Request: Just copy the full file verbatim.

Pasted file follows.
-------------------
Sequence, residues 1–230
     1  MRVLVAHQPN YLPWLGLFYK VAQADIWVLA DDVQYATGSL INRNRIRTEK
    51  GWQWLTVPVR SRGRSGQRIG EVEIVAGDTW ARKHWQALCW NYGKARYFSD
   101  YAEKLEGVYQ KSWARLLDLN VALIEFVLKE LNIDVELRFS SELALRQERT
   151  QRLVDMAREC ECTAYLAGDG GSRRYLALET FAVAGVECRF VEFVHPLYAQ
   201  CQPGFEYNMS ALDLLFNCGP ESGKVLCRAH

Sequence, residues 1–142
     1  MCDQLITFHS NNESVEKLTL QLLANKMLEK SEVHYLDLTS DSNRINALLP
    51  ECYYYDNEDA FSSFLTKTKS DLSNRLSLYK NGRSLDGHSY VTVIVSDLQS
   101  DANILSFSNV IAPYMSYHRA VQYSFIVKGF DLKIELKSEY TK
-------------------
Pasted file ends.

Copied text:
Sequence, residues 1–230
     1  MRVLVAHQPN YLPWLGLFYK VAQADIWVLA DDVQYATGSL INRNRIRTEK
    51  GWQWLTVPVR SRGRSGQRIG EVEIVAGDTW ARKHWQALCW NYGKARYFSD
   101  YAEKLEGVYQ KSWARLLDLN VALIEFVLKE LNIDVELRFS SELALRQERT
   151  QRLVDMAREC ECTAYLAGDG GSRRYLALET FAVAGVECRF VEFVHPLYAQ
   201  CQPGFEYNMS ALDLLFNCGP ESGKVLCRAH

Sequence, residues 1–142
     1  MCDQLITFHS NNESVEKLTL QLLANKMLEK SEVHYLDLTS DSNRINALLP
    51  ECYYYDNEDA FSSFLTKTKS DLSNRLSLYK NGRSLDGHSY VTVIVSDLQS
   101  DANILSFSNV IAPYMSYHRA VQYSFIVKGF DLKIELKSEY TK